FRESNO, Calif. - As the end of Pomegranate Harvest approaches, farmers in Madera County are learning looks can be deceiving when it comes to this year's crop.
"Tough to get color on the outside, that doesn't mean the inside isn't red tasty and full of sugar," said Alex Lehman.
Third generation farmer Lehman says no year is the same in the Ag industry, but this is a first for him.
Significant rain meant pomegranate trees nearly doubled in size.
"We're blessed that we've had this rainfall in regard to pomegranates it's kind of a catch," said Lehman.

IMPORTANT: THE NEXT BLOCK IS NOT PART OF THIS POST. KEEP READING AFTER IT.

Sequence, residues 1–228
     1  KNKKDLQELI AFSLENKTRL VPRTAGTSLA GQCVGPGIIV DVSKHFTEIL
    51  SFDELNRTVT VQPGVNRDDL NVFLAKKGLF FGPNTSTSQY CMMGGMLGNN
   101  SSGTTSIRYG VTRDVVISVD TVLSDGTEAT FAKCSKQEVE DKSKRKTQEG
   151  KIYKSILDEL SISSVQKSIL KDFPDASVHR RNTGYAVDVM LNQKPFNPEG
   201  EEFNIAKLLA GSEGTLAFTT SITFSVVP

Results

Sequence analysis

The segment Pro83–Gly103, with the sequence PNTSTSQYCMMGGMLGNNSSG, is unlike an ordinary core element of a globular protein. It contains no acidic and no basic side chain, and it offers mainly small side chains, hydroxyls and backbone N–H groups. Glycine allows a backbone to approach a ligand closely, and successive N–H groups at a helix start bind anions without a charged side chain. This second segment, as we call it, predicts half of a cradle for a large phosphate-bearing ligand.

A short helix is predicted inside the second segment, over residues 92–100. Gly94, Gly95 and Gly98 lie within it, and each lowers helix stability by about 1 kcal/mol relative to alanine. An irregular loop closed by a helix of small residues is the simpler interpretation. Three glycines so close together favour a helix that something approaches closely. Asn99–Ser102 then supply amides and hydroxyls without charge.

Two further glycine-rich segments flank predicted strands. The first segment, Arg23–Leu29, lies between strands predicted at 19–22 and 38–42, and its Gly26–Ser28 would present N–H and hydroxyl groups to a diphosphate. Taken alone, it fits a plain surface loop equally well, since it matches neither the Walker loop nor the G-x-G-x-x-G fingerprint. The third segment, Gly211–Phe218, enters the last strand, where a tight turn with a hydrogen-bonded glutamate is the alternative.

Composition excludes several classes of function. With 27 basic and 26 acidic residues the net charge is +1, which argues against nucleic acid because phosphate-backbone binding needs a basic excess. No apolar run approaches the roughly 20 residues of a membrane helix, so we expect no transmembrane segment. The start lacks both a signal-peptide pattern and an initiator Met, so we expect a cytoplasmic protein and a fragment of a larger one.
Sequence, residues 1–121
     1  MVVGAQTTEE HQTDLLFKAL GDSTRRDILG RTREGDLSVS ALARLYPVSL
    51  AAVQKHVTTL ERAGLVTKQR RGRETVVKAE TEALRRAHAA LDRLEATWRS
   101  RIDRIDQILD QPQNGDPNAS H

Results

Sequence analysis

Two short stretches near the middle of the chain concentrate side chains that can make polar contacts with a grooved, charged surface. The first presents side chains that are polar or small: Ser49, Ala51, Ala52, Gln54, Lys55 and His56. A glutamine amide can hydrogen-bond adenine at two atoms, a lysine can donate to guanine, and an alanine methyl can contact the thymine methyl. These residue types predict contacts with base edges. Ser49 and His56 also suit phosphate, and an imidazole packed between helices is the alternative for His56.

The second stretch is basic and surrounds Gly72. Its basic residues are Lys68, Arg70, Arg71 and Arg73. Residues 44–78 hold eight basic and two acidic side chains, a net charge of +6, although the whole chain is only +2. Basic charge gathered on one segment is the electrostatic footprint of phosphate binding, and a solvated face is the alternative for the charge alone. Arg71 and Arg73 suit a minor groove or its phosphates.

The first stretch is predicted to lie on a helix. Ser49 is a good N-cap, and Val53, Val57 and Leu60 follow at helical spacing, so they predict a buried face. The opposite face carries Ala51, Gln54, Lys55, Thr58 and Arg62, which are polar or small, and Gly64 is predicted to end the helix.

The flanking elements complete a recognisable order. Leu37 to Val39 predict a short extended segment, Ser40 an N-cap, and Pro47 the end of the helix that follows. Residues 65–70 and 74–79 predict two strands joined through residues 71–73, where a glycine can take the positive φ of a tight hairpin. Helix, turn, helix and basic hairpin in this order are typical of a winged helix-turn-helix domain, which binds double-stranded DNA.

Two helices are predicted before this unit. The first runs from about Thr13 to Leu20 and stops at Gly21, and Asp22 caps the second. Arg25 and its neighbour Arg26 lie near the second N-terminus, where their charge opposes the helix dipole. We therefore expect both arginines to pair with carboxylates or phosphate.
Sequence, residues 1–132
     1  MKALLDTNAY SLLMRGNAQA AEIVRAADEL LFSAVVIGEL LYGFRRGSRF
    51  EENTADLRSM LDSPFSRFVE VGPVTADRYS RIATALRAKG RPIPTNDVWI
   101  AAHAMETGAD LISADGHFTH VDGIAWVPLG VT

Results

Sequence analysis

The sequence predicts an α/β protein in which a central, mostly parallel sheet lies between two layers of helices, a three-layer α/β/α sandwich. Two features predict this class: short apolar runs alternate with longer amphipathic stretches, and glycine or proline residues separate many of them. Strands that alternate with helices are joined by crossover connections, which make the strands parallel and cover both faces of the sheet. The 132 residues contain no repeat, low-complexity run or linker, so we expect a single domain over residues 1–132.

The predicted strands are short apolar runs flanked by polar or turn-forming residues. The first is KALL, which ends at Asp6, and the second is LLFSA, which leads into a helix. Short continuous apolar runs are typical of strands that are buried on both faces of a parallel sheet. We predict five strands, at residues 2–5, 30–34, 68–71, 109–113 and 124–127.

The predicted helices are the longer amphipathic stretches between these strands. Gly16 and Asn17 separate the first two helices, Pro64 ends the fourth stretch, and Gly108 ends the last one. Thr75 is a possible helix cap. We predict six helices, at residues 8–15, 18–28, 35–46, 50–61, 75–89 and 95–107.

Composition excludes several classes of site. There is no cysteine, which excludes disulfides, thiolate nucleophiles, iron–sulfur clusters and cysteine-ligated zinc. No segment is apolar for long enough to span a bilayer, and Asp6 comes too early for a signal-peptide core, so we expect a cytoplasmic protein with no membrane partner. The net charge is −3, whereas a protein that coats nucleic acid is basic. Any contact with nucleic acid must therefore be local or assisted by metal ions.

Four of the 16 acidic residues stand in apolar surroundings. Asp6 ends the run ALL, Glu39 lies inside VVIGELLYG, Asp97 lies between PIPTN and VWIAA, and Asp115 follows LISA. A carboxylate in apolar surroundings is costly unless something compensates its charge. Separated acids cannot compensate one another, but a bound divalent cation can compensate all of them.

This year's record rainfall was beneficial to the growth of the tree but it also had its impact on the fruit's look.
Lighter in color, varying in size, Lehman says this year's crop may have fallen short. But that does not impact quality, more importantly, Lehman says it does not impact taste.
Here at homegrown Cellars Harvest itself came a week ahead of schedule.
"They had color the sugar they were ready to go," said Lehman.
Grown primarily for juice, the fruit, handpicked at homegrown cellars, are also used for syrup, jam and to sell fresh at the market.
Farming 218 acres, they account for the majority of Madera County's almost 2,000 pomegranate trees.
Lehman says he is seeing the demand significantly grow from years past, saying we could soon see what was once considered an "oversaturated pomegranate market" stabilize.